Food and Drink: Sweet on sours

For a new twist on a classic cocktail, replace the rye or bourbon in your Whiskey Sour with fruity Pisco brandy from Peru. Illustration by Griff

Most of us occasionally like to brighten our lives with a touch of exotica, and rarely find it in the British pub. A cocktail bar, though, is eclectic enough to take us somewhere sunny and sensuous, summoning the rum of Cuba, the Tequila of Mexico ... or the Pisco of South America.

Pisco is a Peruvian native word for bird, and the name of a town - a port famous for its trade in the spirit. The drink has a youthful, seductive freshness, but also fine fruity flavours. Perhaps worried I would frighten cocktail-lovers, one importer told me it was not a brandy, but in the broader definition it certainly is.

Pisco the drink is a light-bodied, clear or greenish-tinged spirit, made usually from the honey-ish muscat (in Spanish, moscatel) grape, which is known for its perfumy intensity. The grapes' distinctive aroma and flavour is heightened by the brief use of their skins during fermentation.

The ageing, for months rather than years, can be unusual in that the casks are sometimes made from a local evergreen beech, called rauli. Traditionally, the spirit was transported in beeswax-coated amphorae. Its devotees claim that it is hallucinogenic. Perhaps they were experiencing the thin air of the Andes.

The drink is typically served in a Pisco Punch. This is actually a version of the classic Sour, originally made with rye or Bourbon whiskey. There are versions of the Sour with every imaginable spirit, but Pisco, with its muscat flavour, parries lemon or lime better than any other. Like all the great aperitifs, a Pisco Sour (to use the more common description) not only arouses the appetite but also refreshes the body and calms the soul.

It is made by very vigorously shaking Pisco with lime juice (preferable, in my view, to lemon, though some recipes suggest either, or both), plenty of ice (ideally, cracked or shaved), and sugar syrup. The latter ingredient is available from Oddbins, where Pisco is the spirit of the month, or other wine merchants.

Or make your own. Most recipes also use an egg white for texture, and I think this is essential. Use three or four parts of Pisco to one (or slightly less) of fresh, unsweetened juice and one of sugar syrup. There are ready-mixed Pisco Sours, but they cannot match the clean freshness of the real thing. The drink is poured with a foam, then dotted with a dash of Angostura Bitters, the aromatic character of which works its way through the cocktail as you sip.

At the Peruvian restaurant, Fina Estampa (150 Tooley St, London SE1, 0171-403 1342), Luis Vidalon uses honey in addition to sugar - and a touch of cinnamon on the foam, as though he were serving a cappuccino. These two elements give a teasing sweet-and-dry overlay.

Every great aperitif suggests its own dishes. The acidity of the Pisco Sour goes perfectly with the South American cebiche (sometimes spelled with a "v"), in which fish is "cooked" in a marinade of lemon or lime juice. Pisco is sometimes also served straight, as a digestif, in a liqueur glass, with no ice.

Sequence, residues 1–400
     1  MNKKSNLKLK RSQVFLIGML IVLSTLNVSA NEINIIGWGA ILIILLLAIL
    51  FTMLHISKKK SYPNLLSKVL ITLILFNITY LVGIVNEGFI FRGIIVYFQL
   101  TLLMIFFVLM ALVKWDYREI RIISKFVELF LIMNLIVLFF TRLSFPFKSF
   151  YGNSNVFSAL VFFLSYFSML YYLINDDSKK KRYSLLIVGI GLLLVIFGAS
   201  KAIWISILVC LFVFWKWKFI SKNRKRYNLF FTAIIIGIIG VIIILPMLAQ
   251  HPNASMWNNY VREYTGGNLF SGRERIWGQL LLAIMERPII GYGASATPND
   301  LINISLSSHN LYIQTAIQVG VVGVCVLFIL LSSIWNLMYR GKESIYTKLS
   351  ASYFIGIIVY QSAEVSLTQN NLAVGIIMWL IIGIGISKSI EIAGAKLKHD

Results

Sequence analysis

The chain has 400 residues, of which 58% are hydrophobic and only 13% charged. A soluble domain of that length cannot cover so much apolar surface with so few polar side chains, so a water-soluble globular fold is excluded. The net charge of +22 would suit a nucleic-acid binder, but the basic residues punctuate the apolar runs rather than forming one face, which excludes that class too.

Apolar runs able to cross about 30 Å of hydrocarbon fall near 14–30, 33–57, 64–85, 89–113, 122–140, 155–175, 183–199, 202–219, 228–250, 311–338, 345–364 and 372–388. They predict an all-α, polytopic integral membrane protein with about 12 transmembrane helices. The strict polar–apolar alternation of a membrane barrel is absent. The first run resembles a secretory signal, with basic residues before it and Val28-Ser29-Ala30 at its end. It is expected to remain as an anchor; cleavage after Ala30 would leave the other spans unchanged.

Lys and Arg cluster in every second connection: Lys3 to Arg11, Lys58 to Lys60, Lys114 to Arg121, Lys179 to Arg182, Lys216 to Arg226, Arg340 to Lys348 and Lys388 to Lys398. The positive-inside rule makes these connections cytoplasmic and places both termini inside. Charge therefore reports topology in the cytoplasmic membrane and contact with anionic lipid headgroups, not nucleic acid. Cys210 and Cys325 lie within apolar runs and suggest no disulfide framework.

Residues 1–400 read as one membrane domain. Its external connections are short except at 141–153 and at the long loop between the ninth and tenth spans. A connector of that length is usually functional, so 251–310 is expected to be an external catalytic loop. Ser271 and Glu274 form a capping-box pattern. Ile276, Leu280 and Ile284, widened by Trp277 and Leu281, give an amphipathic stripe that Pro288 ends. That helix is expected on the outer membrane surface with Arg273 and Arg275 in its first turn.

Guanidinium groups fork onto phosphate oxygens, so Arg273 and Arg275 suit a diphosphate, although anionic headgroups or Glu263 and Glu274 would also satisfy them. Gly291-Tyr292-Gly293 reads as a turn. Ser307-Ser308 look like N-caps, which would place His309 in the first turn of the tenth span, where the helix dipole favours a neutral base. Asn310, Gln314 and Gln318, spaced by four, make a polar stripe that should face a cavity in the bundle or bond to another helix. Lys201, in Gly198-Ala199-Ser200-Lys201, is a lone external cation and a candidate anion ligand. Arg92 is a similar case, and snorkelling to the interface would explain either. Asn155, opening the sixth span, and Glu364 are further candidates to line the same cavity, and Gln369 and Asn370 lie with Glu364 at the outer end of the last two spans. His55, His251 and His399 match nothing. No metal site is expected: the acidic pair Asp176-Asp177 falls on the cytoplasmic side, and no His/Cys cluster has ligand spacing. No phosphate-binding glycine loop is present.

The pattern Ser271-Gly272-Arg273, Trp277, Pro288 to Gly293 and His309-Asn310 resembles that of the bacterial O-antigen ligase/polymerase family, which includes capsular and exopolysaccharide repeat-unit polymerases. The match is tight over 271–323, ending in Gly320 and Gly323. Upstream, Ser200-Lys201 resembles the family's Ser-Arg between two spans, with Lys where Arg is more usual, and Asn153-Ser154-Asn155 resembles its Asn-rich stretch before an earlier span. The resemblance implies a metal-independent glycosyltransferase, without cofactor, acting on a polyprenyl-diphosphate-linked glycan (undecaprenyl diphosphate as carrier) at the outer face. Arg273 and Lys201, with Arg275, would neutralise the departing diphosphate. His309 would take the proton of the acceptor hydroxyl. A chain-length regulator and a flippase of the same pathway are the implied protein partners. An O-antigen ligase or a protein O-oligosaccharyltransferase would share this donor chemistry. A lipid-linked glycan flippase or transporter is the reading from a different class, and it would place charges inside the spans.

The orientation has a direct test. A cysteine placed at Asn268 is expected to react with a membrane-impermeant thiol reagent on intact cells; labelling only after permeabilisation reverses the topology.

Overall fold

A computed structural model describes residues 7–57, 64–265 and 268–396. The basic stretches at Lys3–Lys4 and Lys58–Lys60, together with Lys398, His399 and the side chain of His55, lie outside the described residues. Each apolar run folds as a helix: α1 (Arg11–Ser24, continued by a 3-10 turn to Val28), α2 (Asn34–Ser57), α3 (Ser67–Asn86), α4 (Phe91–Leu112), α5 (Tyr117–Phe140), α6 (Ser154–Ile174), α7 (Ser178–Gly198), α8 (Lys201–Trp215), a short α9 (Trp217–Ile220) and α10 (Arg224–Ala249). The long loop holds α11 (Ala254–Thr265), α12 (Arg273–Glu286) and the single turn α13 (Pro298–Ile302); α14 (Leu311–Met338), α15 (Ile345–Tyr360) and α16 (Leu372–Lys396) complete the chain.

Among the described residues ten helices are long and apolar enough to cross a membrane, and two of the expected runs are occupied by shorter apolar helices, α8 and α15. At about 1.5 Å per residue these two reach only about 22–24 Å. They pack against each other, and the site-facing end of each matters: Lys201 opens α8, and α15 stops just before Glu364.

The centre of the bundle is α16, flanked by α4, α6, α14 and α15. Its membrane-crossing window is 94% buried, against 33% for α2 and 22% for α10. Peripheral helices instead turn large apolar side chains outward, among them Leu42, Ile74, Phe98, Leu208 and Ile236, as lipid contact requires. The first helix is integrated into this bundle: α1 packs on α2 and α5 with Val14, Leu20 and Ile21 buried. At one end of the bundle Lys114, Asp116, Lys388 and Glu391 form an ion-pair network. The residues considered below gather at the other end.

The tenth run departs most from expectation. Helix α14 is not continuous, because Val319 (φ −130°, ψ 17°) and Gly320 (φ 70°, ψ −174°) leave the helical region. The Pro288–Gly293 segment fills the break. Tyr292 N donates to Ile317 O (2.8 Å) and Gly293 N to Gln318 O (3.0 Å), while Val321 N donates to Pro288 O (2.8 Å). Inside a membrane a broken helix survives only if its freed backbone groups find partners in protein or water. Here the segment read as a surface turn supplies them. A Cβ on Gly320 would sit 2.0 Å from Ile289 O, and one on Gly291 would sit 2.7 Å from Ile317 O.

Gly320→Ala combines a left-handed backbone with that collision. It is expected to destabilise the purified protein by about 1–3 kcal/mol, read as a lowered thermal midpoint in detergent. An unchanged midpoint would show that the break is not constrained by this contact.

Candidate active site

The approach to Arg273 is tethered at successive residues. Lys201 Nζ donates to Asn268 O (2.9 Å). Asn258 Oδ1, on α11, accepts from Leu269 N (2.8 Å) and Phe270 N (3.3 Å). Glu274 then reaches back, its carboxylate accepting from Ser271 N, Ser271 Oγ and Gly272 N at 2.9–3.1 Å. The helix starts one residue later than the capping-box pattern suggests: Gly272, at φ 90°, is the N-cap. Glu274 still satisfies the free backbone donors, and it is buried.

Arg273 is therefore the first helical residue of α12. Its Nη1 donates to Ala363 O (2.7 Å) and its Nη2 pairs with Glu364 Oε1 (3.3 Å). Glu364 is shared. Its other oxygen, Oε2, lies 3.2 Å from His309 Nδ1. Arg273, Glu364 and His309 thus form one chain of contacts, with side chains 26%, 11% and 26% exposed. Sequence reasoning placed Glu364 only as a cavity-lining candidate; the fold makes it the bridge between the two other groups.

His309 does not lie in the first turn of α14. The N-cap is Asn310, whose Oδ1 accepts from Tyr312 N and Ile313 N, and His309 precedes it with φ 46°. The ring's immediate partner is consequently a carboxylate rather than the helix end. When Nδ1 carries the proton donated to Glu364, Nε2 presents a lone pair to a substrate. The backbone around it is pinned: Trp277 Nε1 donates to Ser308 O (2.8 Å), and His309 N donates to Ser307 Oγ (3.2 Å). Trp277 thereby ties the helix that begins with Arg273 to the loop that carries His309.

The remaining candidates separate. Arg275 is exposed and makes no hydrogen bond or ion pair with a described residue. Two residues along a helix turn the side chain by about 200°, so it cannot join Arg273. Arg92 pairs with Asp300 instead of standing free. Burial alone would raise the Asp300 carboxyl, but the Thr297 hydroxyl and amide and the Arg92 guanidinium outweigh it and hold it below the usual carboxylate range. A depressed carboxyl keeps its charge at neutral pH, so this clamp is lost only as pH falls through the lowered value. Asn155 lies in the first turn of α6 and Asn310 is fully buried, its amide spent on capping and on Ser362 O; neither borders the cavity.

In my experience, the Piscos of Peru are challenged in the Sour by their flowery, resiny rivals from Chile, where the spirit is the national drink and widely made. After dinner, though, I prefer the hint of pistachio- like sweetness in the Peruvian.

Peruvian Pisco is difficult to find in Britain, but several Chilean examples are more widely available. I have recently tasted three. The oddly named Control, at 33 per cent alcohol, is completely white and flowery with a suggestion of licorice toffee. Capel, at 35 per cent, with a faint tinge of colour, has an almost aniseedy flavour, with a big, assertive finish. Alto del Carmen, at 46 per cent, has slightly more colour, and a drier, more stemmy, rooty flavour.

One day, and I hope sooner rather than later, the Pisco Sour will be a fashionable cocktail. Meanwhile, try the following:

In London, Little Havana (Leicester Place, W1, 0171-287 8050) has a Bourbon Whiskey Sour with three parts of Wild Turkey to one of Cointreau, topped up with the appropriate juices and lemonade. Pharmacy (150 Notting Hill Gate, W11, 0171-221 2442) has a Sour based on the honey vodka Krupnik. The chain Via Vita, in Bristol, Birmingham, Manchester (Heron House, Albert Square, 0161-288 7234) and other cities, does a melon sour. This is made with the melon liqueur Midori. The almond liqueur Amaretto is featured at Oporto, in Leeds (33 Call Lane, 0113-245 4444).

The making of the Sour is a true test of the cocktail professional. I have this from my most trusted practitioner, Dale DeGroff, of the Rainbow Room, New York. The key is not to make it too sweet, and not to use sugar in any form other than syrup. Without the water in the syrup, the drink will be too concentrated.

To make the syrup, use one part each of sugar and water. Stir the mixture, bring it to the boil, then simmer until the sugar has dissolved. Let it cool, bottle it, and keep in the fridge. John Humphreys, of Waterloo Wines, adds a little lemon peel

Suggested Topics
Alexis Sanchez has completed a £35m move to Arsenal, the club have confirmed
sportGunners complete £35m signing of Barcelona forward
Poor teachers should be fearful of not getting pay rises or losing their job if they fail to perform, Steve Fairclough, headteacher of Abbotsholme School, suggested
voicesChris Sloggett explains why it has become an impossible career path
world cup 2014
Ray Whelan was arrested earlier this week
Have you tried new the Independent Digital Edition apps?
Life and Style
ebookA wonderful selection of salads, starters and mains featuring venison, grouse and other game
Arts and Entertainment
In a minor key: Keira Knightley in the lightweight 'Begin Again'
Arts and Entertainment
Celebrated children’s author Allan Ahlberg, best known for Each Peach Pear Plum
peopleIndian actress known as the 'Grand Old Lady of Bollywood' was 102